Judith Hurwitz, president and CEO of Hurwitz & Associates, says companies planning for service oriented architectures haven't come to terms with how it changes the nature of application development. In a recent article on IT-Director.com, Hurwitz said that after talking with a CIO abouthis SOAimplementation plans, these questions emerged:
"What is the container? Into what do you put this set of linked business services? It isn't simply a piece of code, and it isn't a traditional application with a beginning, middle and an end; so, what is it? Does it simply float in space?"
There is no clear answer. So she advocates for the creation ofa container model, which servesas a composite entity, or a home for all the SOA bits:
Containers can be linked together with a visualization of what it means to link two business containers together. In effect, I am describing how applications of the future will be designed. This increased level of visualization will make the dream of component architectures and service oriented architectures come true: first, developers will create modular business services; then, business management will take the right services, apply the right business policies to these services, and then link them together to make the business work.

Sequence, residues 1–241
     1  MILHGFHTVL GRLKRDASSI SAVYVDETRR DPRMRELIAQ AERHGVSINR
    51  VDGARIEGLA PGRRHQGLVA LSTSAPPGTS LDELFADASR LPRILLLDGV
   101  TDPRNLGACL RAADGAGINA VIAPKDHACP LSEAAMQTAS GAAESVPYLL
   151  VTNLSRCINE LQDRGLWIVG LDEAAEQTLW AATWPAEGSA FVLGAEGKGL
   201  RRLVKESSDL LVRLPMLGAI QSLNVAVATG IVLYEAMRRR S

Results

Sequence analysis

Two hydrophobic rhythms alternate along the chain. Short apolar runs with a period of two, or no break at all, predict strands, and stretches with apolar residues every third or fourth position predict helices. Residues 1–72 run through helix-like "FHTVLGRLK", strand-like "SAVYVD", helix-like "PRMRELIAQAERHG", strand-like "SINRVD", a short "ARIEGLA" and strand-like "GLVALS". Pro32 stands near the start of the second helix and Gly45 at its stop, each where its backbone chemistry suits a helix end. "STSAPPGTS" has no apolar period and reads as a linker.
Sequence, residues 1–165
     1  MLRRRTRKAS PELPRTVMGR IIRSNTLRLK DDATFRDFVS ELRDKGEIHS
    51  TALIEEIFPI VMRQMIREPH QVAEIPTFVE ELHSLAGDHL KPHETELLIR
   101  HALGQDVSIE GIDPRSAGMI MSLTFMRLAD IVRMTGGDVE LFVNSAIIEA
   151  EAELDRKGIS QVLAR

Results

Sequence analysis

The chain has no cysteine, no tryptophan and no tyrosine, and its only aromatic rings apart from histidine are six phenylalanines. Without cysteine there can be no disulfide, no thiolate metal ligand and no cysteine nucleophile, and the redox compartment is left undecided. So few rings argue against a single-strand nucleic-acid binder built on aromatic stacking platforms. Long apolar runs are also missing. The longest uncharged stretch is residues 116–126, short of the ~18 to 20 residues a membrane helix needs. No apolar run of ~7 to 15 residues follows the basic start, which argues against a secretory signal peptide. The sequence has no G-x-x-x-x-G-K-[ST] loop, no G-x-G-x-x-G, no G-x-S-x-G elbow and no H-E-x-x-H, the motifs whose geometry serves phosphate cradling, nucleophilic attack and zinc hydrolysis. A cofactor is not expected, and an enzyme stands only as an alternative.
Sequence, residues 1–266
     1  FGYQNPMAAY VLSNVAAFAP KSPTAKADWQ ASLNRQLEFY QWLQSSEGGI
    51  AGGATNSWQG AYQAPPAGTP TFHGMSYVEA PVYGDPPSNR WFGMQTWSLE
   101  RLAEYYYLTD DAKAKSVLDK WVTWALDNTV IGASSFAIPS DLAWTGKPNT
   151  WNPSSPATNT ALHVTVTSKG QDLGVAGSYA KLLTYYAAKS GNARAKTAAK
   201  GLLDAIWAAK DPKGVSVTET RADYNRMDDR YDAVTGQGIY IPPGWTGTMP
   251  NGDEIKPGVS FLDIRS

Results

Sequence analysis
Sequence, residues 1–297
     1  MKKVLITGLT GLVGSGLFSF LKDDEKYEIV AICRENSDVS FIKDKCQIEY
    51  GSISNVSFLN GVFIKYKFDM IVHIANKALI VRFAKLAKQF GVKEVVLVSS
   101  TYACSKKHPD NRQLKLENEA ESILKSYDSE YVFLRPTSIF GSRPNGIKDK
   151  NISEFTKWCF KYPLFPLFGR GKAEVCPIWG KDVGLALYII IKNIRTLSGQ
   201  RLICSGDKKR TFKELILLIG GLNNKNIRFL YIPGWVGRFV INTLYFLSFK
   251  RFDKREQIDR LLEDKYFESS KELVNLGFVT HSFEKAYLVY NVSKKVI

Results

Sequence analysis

Vendors are already addressing the visbility issue. SOA Software just introduced a registry-based Web services dashboard that provides real-time alerts and visual indicators that tie together management, registry, reliability, and security for Web services and SOA deployment...